Some of the Tramway Anzacs had unusual experiences in the war - especially for a Port Melbourne gripman and an Essendon conductor.
Hugh Gillies Cameron SPENCE
Trooper Hugh Gilles Cameron Spence from the 13th Light Horse was attached to the Egyptian Camel Transport Corps in 1916 and commissioned as a Lieutenant in the British Army. He was responsible for supplying arms and ammunition to the Arab irregulars rebelling against the Ottoman Empire – and became well acquainted with their commander, Lawrence of Arabia. Spence received a brief mention in Colonel T.E. Lawrence’s autobiography, and was decorated with the Order of El Nahda after the war by a grateful Hussein bin Ali, King of Hedjaz.
The lack of alcohol in the desert campaign must have had an effect – after the war, Spence became a publican in Prahran.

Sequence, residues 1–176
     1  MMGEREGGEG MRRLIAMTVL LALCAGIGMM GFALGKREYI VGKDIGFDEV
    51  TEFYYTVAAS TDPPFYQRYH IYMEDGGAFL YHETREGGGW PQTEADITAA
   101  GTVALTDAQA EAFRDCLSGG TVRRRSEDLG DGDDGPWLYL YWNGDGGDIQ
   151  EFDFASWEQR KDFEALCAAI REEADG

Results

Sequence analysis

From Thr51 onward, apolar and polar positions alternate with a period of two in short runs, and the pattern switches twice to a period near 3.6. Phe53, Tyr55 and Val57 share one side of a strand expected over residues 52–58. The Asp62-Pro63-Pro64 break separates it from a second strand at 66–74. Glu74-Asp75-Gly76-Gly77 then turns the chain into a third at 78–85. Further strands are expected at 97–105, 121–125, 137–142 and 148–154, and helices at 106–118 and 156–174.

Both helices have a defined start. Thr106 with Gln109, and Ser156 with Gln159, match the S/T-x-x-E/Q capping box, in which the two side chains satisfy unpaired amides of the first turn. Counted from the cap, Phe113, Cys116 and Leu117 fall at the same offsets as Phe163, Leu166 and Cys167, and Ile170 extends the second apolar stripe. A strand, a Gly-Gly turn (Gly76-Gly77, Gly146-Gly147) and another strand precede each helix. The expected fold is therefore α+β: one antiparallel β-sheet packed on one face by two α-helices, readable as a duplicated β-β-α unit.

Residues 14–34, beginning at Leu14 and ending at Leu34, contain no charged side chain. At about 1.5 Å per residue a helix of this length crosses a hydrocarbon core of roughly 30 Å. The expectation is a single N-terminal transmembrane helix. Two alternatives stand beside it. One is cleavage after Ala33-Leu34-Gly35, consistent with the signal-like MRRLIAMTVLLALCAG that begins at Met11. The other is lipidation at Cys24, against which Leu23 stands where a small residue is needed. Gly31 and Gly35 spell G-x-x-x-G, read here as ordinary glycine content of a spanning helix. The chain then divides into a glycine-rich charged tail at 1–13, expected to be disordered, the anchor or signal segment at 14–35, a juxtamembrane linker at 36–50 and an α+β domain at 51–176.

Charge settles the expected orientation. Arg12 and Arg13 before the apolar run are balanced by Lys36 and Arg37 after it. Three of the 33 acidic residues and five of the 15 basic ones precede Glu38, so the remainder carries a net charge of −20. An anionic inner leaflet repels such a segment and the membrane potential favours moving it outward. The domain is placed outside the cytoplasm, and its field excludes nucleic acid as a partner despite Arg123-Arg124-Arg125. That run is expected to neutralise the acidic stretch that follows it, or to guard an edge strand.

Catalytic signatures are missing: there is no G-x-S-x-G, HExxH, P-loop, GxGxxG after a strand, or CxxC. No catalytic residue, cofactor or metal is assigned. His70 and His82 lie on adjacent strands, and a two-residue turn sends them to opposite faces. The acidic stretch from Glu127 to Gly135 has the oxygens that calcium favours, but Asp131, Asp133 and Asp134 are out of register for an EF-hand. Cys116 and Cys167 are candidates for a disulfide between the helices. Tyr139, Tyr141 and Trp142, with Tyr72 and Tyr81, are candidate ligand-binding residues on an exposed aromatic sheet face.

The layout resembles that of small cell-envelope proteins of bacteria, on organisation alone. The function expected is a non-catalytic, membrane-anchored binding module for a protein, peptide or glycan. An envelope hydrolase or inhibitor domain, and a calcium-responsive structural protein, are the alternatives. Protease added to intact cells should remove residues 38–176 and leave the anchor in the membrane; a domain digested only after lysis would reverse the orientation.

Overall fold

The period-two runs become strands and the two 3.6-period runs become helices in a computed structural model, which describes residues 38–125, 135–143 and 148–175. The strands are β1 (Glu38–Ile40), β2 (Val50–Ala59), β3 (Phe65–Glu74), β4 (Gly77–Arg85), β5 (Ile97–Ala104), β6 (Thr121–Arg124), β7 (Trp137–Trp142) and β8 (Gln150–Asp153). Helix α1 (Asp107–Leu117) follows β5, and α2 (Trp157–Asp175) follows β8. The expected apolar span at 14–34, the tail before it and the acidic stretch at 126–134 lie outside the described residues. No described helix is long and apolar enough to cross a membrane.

Francis Cooper PENNY
Private Francis Cooper Penny decided that war in the trenches on the Western Front during the winter of 1916-17 was too damn cold and uncomfortable, so he volunteered for the Royal Flying Corps. He was trained as an Observer, and later became a pilot flying the Bristol Fighter – one of the best aircraft of the war - before he ended up in Ireland flying recon missions against the IRA during the Anglo-Irish War of 1919-21. He also pulled Alcock and Brown’s plane out of a Irish bog after their record-breaking trans-Atlantic flight, and won the high jump at the British Inter-service Athletic Championships in 1920.
Reading his private papers was like reading a Biggles novel!
On returning to Australia, Penny worked for Shell as an aviation officer, and was involved in supporting many pioneering flights in the twenties and thirties.